Mentally ill people aren’t killers. Angry people are. The real way to stop violence. "Family murders are preceded by prior domestic violence more than 90 percent of the time. Violent crimes are committed by people who lack the skills to modulate anger, express it constructively, and move beyond it." From Slate.

In case you didn't hear about it in that liberal mainstream media (I didn't), the Koch brothers have a large infrastructure dedicated to spying on "the Left." Yes. They call it "competitive intelligence."

If you want to figure out if a particular electric vehicle is cleaner overall than a gas-powered one, check out this calculator from the Union of Concerned Scientists. It computes everything from the manufacture of the cars to the power sources used by the grid in your location.

Poverty is really bad for people -- especially children -- and just as investing in universal preschool pays back up to $10 for every $1 invested, it seems plausible to me that eliminating poverty would pay off even more. Could universal basic income be the social vaccine of the 21st century? Yes, just give them money. It works. And we could pay for it with higher taxes, and we'd all like it. Really.

One of the ways the poverty undermines poor families and their children is because they have to move constantly. Sociologist Matthew Desmond has been researching eviction on the ground with people who are experiencing it. Here's an article describing some of his findings, and here's the book he's published. (Oh, and great cover, by the way!)

Here's a tab to keep handy: info on how much people pay into Medicare and Social Security (on average) versus how much they get out. Remember this next time someone says they're entitled to "their" Medicare but "those people" who get food stamps are moochers.

And one last insult to my sensibilities: How the “Wal-Mart effect” squeezes workers in the vast infrastructure behind your groceries. Outsourcing distribution has been an effective way for grocers to dump their relatively expensive unionized workforces.

Thursday, November 26, 2015

A Geographer Puts It in Context

Bill Lindeke, urban geographer and biking promoter, inspires me most days through Twitter and MinnPost, but today it's this longer post from his Twin City Sidewalks blog. He synthesizes the current outrage and protest at the 4th Precinct in Minneapolis with our community's history of segregation: everything from where our highways are to the privatization of public space in the Mall of America.

But in another sense, these [highway-closing] demonstrations were the only way to connect the geographic dots between the problems facing Minneapolis’ segregated communities and the Twin Cities’ suburban infrastructure, a landscape that makes it effortlessly easy to ignore racial inequality. When #blacklivesmatter shuts down the freeway to Maple Grove, not only do they perform a tragically ironic bit of political ju-jitsu by occupying the very freeway that helped isolate the neighborhood in the first place, they make a particular statement about urban segregation:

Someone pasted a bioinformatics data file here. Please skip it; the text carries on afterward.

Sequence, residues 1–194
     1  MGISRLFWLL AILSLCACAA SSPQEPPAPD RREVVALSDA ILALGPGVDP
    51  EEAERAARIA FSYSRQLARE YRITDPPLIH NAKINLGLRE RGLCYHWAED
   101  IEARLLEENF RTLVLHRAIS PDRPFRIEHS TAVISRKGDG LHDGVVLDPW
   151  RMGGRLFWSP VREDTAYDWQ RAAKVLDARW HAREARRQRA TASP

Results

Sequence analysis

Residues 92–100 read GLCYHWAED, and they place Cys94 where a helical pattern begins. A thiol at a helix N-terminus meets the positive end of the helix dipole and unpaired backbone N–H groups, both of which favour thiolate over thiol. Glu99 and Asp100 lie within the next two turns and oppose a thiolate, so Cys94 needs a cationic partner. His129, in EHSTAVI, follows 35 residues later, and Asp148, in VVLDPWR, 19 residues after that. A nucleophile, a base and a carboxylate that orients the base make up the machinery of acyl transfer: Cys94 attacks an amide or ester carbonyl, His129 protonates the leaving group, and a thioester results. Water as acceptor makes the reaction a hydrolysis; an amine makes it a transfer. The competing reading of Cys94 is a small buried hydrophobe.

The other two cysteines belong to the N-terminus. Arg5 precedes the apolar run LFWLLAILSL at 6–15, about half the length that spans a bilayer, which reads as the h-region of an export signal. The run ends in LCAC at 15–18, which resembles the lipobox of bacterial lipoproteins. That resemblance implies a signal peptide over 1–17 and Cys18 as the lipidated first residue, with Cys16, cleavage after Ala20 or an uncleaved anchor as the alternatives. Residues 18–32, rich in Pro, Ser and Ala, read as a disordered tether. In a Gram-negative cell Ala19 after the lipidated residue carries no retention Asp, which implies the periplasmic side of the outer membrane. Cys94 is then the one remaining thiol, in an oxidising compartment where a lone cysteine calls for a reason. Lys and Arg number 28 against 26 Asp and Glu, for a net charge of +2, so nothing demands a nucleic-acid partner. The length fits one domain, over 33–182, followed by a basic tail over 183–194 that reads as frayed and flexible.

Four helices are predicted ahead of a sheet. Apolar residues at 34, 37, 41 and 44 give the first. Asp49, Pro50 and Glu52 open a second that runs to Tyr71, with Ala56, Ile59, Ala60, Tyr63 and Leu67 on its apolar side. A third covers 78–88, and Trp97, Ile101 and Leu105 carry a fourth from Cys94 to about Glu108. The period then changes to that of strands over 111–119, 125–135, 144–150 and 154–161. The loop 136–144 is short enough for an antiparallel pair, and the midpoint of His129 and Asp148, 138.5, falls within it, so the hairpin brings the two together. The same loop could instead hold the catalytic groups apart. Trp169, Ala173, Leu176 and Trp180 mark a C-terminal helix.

“Black lives matter, even to everyone driving past on their way to the white suburbs.”
Geography, man. Why didn't I understand what it meant as an academic discipline back when I was in college? Yet another major I never explored.

Wednesday, November 25, 2015

Hammering the Standpipe

I just saw my first Banksy in person:

It's in Manhattan on West 79th Street just off Broadway, near Zabar's (obviously). It was included in the HBO documentary Banksy Does New York, so it wasn't new to me, but it was still a surprise to just come across it while walking down a street.

Tuesday, November 24, 2015

Bad for the Brand, Which Was Already Bad Enough

Am I the only one who thinks that Donald Trump has irreparably damaged his “brand”?

If you had asked me what I thought of Donald Trump before 2008, I would have said he was brassy and tacky, but kind of fun in a way that fits with our celebrity-obsessed media culture. I wouldn’t have patronized any of his ventures (not being into gambling) but I wouldn’t have actively avoided them either.

But since his craziness about Obama’s birth certificate, and even more so since this election cycle, he has careened into a dirty, dirty ditch, and I don’t think people will forget.

Let’s see if he can run his businesses with only his rabid, fascism-hugging supporters for customers. That's about 25 percent of the 25 percent of people who are registered Republicans (6 percent). As Nate Silver points out, that’s the same percent of the population that thinks the moon landing was faked, by the way.

Monday, November 23, 2015

Endangered Stick Figures, Part 2

First it was running them down with a car, now it's devouring them with dinosaurs.

The possibilities for threatening stick figure families are bounded only by the ironic imagination.

Do these anti-stick-figure illustrations seem as mean-spirited as the "my kid can beat up your honor student" bumper stickers? I never liked those, even though I would never have put an honor student sticker on my car.

In some ways the stick figure haters are worse, because their violent endings are worse (death vs. being beaten up). But they also seem more clearly fictitious, while the threat against the honor student appears to be just a bit plausible.

Sunday, November 22, 2015

Where to Put the Closets?

Another Sunday, another unnecessarily over-sized house plan in the Star Tribune Home section. But today I wanted to mention a trend I've been noticing for a while in these plans.

Note how the master suite's closets are on the far side of the master bathroom. You can't get to them without walking through the bathroom, essentially making the closets an extension of the bathroom rather than the bedroom.

Am I the only one who thinks that's a bad idea? It assumes that couples want to actively share the bathroom and dressing space at all times (except for that little door on the toilet area. Thanks for that). I know I'm generally not the person these bloated-home-builders have in mind, but I find it hard to believe this way of using a bathroom and dressing space is common among enough people that it would become the primary way of doing things.

What do you think?

Saturday, November 21, 2015

It Hit Me on the Head

This is all I have to say about our current hysteria about a bunch of harmless Syrian refugees: